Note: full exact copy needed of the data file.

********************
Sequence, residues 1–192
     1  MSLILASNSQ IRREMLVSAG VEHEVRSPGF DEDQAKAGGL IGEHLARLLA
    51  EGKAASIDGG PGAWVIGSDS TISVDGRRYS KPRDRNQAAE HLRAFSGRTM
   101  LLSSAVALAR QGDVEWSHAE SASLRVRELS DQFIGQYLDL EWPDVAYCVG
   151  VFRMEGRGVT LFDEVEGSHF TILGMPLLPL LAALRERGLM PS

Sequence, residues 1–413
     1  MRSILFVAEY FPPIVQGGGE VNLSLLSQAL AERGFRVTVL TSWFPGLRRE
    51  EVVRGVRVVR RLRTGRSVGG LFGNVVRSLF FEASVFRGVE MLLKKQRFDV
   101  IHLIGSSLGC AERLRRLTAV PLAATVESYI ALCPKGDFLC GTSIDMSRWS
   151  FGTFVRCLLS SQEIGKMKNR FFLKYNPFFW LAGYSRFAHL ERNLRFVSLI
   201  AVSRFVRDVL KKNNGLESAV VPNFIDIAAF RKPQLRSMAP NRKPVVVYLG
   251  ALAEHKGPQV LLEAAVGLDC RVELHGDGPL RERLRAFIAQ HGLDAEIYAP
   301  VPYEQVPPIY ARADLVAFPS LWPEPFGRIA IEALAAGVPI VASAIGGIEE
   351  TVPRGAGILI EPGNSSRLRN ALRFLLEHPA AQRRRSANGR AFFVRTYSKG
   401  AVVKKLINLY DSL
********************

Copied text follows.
Sequence, residues 1–192
     1  MSLILASNSQ IRREMLVSAG VEHEVRSPGF DEDQAKAGGL IGEHLARLLA
    51  EGKAASIDGG PGAWVIGSDS TISVDGRRYS KPRDRNQAAE HLRAFSGRTM
   101  LLSSAVALAR QGDVEWSHAE SASLRVRELS DQFIGQYLDL EWPDVAYCVG
   151  VFRMEGRGVT LFDEVEGSHF TILGMPLLPL LAALRERGLM PS

Sequence, residues 1–413
     1  MRSILFVAEY FPPIVQGGGE VNLSLLSQAL AERGFRVTVL TSWFPGLRRE
    51  EVVRGVRVVR RLRTGRSVGG LFGNVVRSLF FEASVFRGVE MLLKKQRFDV
   101  IHLIGSSLGC AERLRRLTAV PLAATVESYI ALCPKGDFLC GTSIDMSRWS
   151  FGTFVRCLLS SQEIGKMKNR FFLKYNPFFW LAGYSRFAHL ERNLRFVSLI
   201  AVSRFVRDVL KKNNGLESAV VPNFIDIAAF RKPQLRSMAP NRKPVVVYLG
   251  ALAEHKGPQV LLEAAVGLDC RVELHGDGPL RERLRAFIAQ HGLDAEIYAP
   301  VPYEQVPPIY ARADLVAFPS LWPEPFGRIA IEALAAGVPI VASAIGGIEE
   351  TVPRGAGILI EPGNSSRLRN ALRFLLEHPA AQRRRSANGR AFFVRTYSKG
   401  AVVKKLINLY DSL